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(E)pistle: The Fairy Tale That’s Really True

According to C.S Lewis, the above words led to his conversion to Christianity.  He and J.R.R.Tolkien (author of Lord of the Rings) were taking a late night stroll along the streets of Oxford.  Lewis was arguing that, as a rational person, he just couldn’t believe the claims of Christianity. The claims of the Bible were for him a mere “fairy tale.”  “But Clive,”rejoined Tolkien, “It’s a fairy tale that is really true.”

This past week the new Amazon production inspired by Tolkien’s own fairy tale, The Rings of Power, debuted to a record number of viewers—some 25 million tuned in for the prequel to the trilogy which has sold millions of copies.  Over on HBO, the continuation of George Martin’s blockbuster tale, Game of Thrones: House of the Dragon, attracted nearly as many fans.  

No new Harry Potter movies right now, but that could change!

There seems to be unlimited enthusiasm for these works of fantasy which combine all the heroic elements of knights, castles, sorcerers and monsters, all supported by a spectacular array of computer generated special effects.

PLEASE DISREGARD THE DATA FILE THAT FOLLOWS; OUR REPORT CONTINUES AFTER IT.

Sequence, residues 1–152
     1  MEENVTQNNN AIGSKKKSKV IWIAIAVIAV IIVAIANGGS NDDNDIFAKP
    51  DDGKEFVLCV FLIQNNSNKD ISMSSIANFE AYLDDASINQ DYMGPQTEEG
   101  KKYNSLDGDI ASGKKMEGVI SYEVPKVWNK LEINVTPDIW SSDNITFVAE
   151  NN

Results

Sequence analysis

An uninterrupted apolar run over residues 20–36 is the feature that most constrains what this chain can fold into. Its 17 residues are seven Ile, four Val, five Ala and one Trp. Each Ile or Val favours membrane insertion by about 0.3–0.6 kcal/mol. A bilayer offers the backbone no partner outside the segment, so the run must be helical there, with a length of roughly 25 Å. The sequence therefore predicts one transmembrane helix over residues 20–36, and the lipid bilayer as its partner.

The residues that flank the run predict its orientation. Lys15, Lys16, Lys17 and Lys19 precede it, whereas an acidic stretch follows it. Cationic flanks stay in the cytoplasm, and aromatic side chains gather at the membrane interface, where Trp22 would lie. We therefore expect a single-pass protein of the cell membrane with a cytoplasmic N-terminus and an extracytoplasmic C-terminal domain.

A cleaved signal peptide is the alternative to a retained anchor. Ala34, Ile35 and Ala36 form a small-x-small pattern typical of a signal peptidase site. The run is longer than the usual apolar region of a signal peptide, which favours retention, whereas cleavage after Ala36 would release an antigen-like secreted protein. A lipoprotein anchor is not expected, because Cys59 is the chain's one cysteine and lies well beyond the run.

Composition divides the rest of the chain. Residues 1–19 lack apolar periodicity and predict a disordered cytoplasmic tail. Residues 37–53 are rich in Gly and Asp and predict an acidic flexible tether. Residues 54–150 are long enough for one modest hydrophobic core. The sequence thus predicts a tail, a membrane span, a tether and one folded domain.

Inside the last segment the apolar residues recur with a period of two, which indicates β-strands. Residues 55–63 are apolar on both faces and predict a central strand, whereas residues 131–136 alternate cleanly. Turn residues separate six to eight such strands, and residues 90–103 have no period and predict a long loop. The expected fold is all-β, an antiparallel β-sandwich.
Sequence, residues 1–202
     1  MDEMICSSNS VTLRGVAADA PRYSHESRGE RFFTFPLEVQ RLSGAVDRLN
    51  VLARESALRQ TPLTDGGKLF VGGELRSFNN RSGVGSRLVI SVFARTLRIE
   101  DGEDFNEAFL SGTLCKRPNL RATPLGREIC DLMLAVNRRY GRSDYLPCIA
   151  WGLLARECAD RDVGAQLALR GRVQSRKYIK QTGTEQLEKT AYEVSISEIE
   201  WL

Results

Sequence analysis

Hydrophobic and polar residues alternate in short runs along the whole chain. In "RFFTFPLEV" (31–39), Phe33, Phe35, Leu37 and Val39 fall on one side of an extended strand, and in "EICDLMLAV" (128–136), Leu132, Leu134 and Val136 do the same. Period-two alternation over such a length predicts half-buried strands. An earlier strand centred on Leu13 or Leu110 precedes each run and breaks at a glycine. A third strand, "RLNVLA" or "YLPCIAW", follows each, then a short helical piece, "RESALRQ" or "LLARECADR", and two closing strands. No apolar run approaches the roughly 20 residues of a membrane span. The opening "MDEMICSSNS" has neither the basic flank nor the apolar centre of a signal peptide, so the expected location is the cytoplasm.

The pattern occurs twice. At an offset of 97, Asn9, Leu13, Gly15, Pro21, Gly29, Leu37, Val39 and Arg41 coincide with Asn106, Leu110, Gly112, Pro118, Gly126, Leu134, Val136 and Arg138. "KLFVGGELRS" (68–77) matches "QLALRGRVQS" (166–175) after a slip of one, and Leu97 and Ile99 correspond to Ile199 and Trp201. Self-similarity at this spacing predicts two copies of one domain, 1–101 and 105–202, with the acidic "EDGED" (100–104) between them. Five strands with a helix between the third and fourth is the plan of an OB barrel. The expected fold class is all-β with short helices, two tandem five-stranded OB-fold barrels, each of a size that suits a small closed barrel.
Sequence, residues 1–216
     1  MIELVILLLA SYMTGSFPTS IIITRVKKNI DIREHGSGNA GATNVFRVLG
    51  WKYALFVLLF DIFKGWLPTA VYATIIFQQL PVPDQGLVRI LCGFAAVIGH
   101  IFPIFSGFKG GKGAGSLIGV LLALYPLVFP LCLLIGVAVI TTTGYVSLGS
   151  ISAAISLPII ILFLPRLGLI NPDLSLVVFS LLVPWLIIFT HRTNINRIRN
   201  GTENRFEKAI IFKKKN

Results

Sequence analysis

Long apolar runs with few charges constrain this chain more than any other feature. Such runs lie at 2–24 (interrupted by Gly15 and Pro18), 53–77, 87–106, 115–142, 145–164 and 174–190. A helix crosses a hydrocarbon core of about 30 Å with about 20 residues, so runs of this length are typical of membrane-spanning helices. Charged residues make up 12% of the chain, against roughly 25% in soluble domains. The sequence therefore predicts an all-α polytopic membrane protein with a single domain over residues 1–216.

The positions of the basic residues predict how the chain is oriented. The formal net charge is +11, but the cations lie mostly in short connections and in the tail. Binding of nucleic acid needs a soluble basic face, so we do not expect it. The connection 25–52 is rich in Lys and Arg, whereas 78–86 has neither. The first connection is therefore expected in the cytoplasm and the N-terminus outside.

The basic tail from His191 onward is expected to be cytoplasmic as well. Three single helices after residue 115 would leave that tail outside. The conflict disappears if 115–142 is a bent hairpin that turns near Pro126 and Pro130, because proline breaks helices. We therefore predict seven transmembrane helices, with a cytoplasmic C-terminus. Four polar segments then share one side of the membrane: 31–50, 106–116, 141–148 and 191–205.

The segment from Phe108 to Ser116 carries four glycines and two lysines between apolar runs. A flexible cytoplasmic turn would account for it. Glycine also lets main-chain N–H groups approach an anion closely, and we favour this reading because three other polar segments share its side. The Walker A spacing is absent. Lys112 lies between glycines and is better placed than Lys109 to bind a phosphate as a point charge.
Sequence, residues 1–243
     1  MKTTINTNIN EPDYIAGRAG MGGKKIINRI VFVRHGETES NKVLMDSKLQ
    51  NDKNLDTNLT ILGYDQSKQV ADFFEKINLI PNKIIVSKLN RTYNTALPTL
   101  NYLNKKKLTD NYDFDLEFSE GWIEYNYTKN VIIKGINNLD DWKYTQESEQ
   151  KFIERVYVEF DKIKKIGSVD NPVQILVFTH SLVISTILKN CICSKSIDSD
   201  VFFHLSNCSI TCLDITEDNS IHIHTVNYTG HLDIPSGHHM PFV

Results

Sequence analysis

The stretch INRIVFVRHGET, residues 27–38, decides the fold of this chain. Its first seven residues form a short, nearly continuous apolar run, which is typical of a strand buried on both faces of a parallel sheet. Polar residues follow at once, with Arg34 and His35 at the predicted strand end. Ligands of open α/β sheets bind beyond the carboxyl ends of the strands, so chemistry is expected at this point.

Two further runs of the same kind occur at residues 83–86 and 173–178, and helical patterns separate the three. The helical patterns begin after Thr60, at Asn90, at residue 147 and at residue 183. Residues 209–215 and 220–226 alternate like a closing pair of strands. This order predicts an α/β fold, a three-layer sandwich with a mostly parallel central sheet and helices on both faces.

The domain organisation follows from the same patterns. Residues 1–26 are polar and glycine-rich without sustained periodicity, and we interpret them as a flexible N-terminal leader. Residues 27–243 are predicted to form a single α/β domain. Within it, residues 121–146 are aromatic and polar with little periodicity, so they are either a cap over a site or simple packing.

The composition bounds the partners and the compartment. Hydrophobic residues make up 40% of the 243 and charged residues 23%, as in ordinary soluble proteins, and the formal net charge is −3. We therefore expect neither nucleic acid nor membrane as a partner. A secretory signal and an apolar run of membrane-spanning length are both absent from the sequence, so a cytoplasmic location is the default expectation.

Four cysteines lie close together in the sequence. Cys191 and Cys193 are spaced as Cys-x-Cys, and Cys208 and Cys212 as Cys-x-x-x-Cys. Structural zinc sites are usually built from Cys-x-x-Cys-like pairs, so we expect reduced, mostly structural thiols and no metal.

It makes me wonder how we do when it comes to telling our story, the Fairy Tale That Is Really True, to an audience hungry for for the great epic story of Good vs. Evil.  What can we do to bring some of the same imagination, energy, and enthusiasm into our proclamation of the Greatest Story Ever told?  

I can’t answer that in a few words, no one can. But we can approach the process of theological education in a way that the great story tellers would be proud of, applying to the task all the excitement and creativity we can muster.

In King’s Cross station in London there is wall with the numbers “9 ¾” painted on it.  There is a block long queue of young people lined up to take a selfie in front of it, for it was from here that their hero, Harry Potter, started his journey to Hogwarts and the wizarding world.  

Maybe CDSP could change their address to 9 ¾ La Conte Avenue?

Kirk

Image credit: “Old Castle Ward” by Ardfern (CC BY-SA 3.0)

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